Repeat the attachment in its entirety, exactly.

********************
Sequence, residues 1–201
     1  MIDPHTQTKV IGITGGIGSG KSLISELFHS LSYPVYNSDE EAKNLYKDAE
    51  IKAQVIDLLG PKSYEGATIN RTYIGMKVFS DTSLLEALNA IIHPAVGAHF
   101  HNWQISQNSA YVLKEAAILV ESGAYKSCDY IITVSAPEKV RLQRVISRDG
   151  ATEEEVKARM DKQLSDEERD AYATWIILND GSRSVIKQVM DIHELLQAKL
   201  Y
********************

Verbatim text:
Sequence, residues 1–201
     1  MIDPHTQTKV IGITGGIGSG KSLISELFHS LSYPVYNSDE EAKNLYKDAE
    51  IKAQVIDLLG PKSYEGATIN RTYIGMKVFS DTSLLEALNA IIHPAVGAHF
   101  HNWQISQNSA YVLKEAAILV ESGAYKSCDY IITVSAPEKV RLQRVISRDG
   151  ATEEEVKARM DKQLSDEERD AYATWIILND GSRSVIKQVM DIHELLQAKL
   201  Y